Two new public polls out this morning, from NBC/WSJ and the Washington Post, illustrate the curious nature of President Obama's electoral standing. The top-line number is completely abysmal. Obama's approval rating sits in the low 40s, at a point in his presidency when, as the Post notes, Presidents Reagan and Clinton were both over 50 (and both enjoying strong economic recoveries.) Historically, that number tells you most of what you need to know about the president's fate in the next election.

However, Obama's continuing political paradox is that he remains at once quite unpopular by absolute measures and highly popular by relative measures. The approval rating for Republicans in Congress is far worse -- just 28% approve, against 68% disapproval. And Obama still hangs in there against the Republican leaders:

[I]n a hypothetical general election contest, Obama leads Texas Gov. Rick Perry by five points, 47 percent to 42 percent. And he leads former Massachusetts Gov. Mitt Romney by one, 46 percent to 45 percent, though that margin is down five points since June.

One explanation for these paradoxical results is that Obama now has a serious problem with his base:

The sense of deflation is particularly apparent among Democrats, with nearly two-thirds saying things are pretty seriously off on the wrong track. The percentage of Democrats saying things are headed in the right direction has cratered from 60 percent at the start of the year to 32 percent now.
For the first time, fewer than half of Americans between the ages of 18 and 29 give the president positive marks. Young voters broke overwhelmingly for Obama in 2008, but just 47 percent of those under age 30 now approve of the way he is doing his job; just as many disapprove.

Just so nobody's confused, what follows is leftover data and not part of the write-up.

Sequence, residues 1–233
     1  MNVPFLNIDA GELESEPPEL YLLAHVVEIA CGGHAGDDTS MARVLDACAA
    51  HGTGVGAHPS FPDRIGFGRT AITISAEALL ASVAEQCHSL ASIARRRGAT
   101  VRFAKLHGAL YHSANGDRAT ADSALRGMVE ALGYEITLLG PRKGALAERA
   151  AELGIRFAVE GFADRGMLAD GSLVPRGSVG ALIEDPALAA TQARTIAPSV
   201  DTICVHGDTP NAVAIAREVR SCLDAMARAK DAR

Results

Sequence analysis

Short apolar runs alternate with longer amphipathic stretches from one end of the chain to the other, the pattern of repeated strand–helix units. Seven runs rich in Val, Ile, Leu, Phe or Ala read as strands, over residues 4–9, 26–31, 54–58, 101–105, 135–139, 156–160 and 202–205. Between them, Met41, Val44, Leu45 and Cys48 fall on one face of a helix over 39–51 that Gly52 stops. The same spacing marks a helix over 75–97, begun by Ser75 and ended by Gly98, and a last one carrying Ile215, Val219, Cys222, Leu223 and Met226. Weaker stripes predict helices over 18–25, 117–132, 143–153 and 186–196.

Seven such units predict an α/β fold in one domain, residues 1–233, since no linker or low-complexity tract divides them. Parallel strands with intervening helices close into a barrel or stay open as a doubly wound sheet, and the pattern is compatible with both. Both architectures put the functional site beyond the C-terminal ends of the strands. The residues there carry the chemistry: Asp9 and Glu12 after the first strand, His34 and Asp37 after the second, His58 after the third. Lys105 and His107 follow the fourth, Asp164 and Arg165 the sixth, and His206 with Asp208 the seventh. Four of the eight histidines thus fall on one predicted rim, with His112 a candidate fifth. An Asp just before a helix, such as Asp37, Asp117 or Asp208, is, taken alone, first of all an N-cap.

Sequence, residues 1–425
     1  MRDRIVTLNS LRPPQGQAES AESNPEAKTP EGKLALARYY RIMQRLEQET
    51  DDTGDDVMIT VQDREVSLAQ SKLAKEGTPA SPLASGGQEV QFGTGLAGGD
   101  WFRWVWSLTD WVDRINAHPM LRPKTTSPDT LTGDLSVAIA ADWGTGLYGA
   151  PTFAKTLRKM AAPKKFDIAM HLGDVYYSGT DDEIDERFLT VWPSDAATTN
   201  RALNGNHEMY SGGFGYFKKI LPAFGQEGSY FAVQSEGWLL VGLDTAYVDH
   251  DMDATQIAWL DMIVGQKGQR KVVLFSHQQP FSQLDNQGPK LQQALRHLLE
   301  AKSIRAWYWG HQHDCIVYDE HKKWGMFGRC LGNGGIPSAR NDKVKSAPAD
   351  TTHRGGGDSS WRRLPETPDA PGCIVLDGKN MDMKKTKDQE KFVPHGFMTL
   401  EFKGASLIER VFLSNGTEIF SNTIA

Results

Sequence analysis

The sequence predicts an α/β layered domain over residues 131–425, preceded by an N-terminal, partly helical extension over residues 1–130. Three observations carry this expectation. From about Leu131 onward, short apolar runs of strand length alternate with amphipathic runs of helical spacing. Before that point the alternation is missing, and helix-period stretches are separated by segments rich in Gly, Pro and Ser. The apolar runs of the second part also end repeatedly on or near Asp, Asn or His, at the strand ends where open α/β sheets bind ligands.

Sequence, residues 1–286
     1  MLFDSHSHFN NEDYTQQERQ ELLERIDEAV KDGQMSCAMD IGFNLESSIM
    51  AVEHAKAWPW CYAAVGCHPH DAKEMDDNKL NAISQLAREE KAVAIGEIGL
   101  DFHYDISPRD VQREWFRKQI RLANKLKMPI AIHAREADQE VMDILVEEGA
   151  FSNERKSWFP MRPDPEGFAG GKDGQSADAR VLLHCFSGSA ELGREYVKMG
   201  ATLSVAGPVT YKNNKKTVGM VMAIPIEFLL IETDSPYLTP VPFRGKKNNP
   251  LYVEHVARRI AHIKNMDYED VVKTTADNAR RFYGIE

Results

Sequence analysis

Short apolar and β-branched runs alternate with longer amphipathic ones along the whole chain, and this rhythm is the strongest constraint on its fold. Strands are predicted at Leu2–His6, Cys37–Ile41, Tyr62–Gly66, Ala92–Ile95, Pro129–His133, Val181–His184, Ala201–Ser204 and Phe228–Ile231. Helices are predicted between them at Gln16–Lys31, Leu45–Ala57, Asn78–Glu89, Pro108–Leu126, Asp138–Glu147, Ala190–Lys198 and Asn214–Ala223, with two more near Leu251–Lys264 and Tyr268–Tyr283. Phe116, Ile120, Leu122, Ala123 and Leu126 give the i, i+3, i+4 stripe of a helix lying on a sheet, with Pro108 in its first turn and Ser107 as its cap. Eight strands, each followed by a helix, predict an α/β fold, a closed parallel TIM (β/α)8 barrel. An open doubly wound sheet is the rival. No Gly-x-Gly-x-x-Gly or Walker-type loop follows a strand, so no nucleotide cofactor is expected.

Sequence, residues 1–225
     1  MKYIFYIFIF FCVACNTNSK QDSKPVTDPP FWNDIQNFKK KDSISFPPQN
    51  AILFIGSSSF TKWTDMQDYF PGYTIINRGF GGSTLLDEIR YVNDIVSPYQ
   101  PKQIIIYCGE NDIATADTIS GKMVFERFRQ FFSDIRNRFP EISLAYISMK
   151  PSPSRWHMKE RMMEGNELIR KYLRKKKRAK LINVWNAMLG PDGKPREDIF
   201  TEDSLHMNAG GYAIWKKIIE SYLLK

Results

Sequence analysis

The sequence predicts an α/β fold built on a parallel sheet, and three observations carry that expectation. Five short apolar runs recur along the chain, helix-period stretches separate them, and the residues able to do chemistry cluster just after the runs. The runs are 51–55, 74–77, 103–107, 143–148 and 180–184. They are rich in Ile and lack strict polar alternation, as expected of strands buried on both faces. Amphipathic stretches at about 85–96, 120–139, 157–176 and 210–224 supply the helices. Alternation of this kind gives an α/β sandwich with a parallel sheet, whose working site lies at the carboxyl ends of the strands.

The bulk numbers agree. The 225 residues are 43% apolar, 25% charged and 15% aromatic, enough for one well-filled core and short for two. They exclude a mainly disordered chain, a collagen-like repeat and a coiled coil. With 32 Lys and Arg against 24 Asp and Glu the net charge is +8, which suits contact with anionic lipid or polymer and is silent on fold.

Fewer than three-quarters of Democrats approve of the president.

This looks like a large segment of the electorate that likes Obama, wants him to succeed, is skeptical that he has succeeded or will succeed, but still favors him over the Republican opposition. This is a key chunk of the electorate -- voters who disapprove of Obama's job performance but still prefer him over the Republicans. Can Obama mobilize them? A Rick Perry nomination probably wouldn't hurt.

The WSJ/NBC poll also underscores the degree to which Obama's position in the debt debate commands overwhelming support vis a vis the Republican position:

In the poll, 60 percent say it would be acceptable if the "super committee" considers reducing the deficit by ending the so-called Bush tax cuts for families earning $250,000 or more per year. Moreover, 56 percent say it would be acceptable if it considers reducing the deficit by a combination of tax increases and spending cuts.
By comparison, just 37 percent believe it’s acceptable for the committee to reduce the deficit by only cutting spending and not raising taxes on corporations and the wealthy. And only 20 percent say it’s acceptable to lower the deficit by reducing spending on Medicare.

A deal to "resolve" the long-term deficit problem carries some obvious problem-solver upside for Obama. But taking the issue off the table would have a serious opportunity cost, as well. His best issue is to make the election a contrast in priorities -- his preference for shared sacrifice over the Republicans' cuts-only approach. Indeed, this is also his best opportunity to demonstrate to voters what they have to legitimately fear from the prospect of Republican control. Maybe Obama should make a deal if he can obtain favorable terms, but the calculation is far from clear.